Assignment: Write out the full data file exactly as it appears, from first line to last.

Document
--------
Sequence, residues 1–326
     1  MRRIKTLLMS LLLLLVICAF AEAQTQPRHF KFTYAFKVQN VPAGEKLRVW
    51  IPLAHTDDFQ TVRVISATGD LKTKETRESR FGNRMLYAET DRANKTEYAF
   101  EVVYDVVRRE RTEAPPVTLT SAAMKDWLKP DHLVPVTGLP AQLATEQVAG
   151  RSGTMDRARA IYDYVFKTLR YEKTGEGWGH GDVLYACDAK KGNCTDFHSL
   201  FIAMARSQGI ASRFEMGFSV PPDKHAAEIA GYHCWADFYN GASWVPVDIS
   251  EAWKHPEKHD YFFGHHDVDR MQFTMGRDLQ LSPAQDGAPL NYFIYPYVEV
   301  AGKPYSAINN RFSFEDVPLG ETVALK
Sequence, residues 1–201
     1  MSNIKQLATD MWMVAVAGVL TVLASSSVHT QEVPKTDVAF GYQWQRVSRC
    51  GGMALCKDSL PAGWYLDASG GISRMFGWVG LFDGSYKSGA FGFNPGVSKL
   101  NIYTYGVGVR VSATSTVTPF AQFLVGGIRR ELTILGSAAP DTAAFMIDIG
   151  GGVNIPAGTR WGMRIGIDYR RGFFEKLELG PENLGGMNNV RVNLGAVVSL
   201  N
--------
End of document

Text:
Sequence, residues 1–326
     1  MRRIKTLLMS LLLLLVICAF AEAQTQPRHF KFTYAFKVQN VPAGEKLRVW
    51  IPLAHTDDFQ TVRVISATGD LKTKETRESR FGNRMLYAET DRANKTEYAF
   101  EVVYDVVRRE RTEAPPVTLT SAAMKDWLKP DHLVPVTGLP AQLATEQVAG
   151  RSGTMDRARA IYDYVFKTLR YEKTGEGWGH GDVLYACDAK KGNCTDFHSL
   201  FIAMARSQGI ASRFEMGFSV PPDKHAAEIA GYHCWADFYN GASWVPVDIS
   251  EAWKHPEKHD YFFGHHDVDR MQFTMGRDLQ LSPAQDGAPL NYFIYPYVEV
   301  AGKPYSAINN RFSFEDVPLG ETVALK
Sequence, residues 1–201
     1  MSNIKQLATD MWMVAVAGVL TVLASSSVHT QEVPKTDVAF GYQWQRVSRC
    51  GGMALCKDSL PAGWYLDASG GISRMFGWVG LFDGSYKSGA FGFNPGVSKL
   101  NIYTYGVGVR VSATSTVTPF AQFLVGGIRR ELTILGSAAP DTAAFMIDIG
   151  GGVNIPAGTR WGMRIGIDYR RGFFEKLELG PENLGGMNNV RVNLGAVVSL
   201  N